Jordan Grider died while camping alone in the Boundary Waters. Was he devoured by wolves?
In October 2018, the 29-year-old New Mexico resident took on the challenge of winter camping by himself in northern Minnesota. How he died there remains a mystery.
For as innocently as it started, Sean Williams could have ended up finding Jordan Grider and asking him to move his pickup truck.
Instead, the conservation officer from the Minnesota Department of Natural Resources in Ely found mystery in a grisly death that looked like bloody murder and felt like total isolation.
Almost two years ago, Grider arrived alone in northern Minnesota with a plan to camp through a winter in the Boundary Waters Canoe Area Wilderness. He had mistakenly parked his truck in front of a private gate off the Sioux Hustler Trail. That’s what flagged him to authorities.
The 29-year-old Grider, from Moriarty, New Mexico, was an experienced outdoorsman and an unconventional person who had spent the previous 10 or 12 years living in the woods of Kentucky and upper New York. This time, he’d come north to be near the water, his mother, Rebecca Grider, said.
"Jordan used to tell people, 'I’m not homeless; I have a home — I just choose to have it outside,'" Rebecca said.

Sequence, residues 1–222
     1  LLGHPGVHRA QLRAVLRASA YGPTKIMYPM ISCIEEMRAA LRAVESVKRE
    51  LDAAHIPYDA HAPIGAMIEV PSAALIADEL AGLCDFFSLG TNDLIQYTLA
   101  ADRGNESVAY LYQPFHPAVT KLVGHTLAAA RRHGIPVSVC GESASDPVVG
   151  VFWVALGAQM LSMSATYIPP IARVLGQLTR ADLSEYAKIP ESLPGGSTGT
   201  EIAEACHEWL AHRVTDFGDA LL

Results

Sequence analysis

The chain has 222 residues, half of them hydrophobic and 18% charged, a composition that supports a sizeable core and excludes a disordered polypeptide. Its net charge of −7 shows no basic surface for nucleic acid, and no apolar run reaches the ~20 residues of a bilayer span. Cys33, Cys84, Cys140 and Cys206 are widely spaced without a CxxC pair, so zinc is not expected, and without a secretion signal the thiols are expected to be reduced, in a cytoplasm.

She’s convinced a pack of wolves surprised and killed her son while he slept in the Boundary Waters.
“I suspect he was caught the first night,” she said. “They said, ‘Lunch!’”
Grider had set up his campsite overlooking a seasonal beaver slough, as picturesque at the time as a private lake.
Williams responded along with a Border Patrol agent to the first call to locate Grider about his pickup in October 2018. They couldn't find where he'd gone into the woods, and the search was unsuccessful. His last known receipt had been dated Oct. 10 in Ely.
What they found almost six months later after some hard-won police work and snowmobile tracking was a south-facing slope that Williams felt good about. He told the News Tribune he’d have wanted the same cover from the north wind had he been winter camping.
The men followed the slope on foot right into Grider’s camp in April 2019.
“It’s in a super-remote place,” Williams said. “If you were looking for a spot to avoid contact with people, he really did find it.”
Williams remembered coming upon the snow-covered scene as a sobering experience.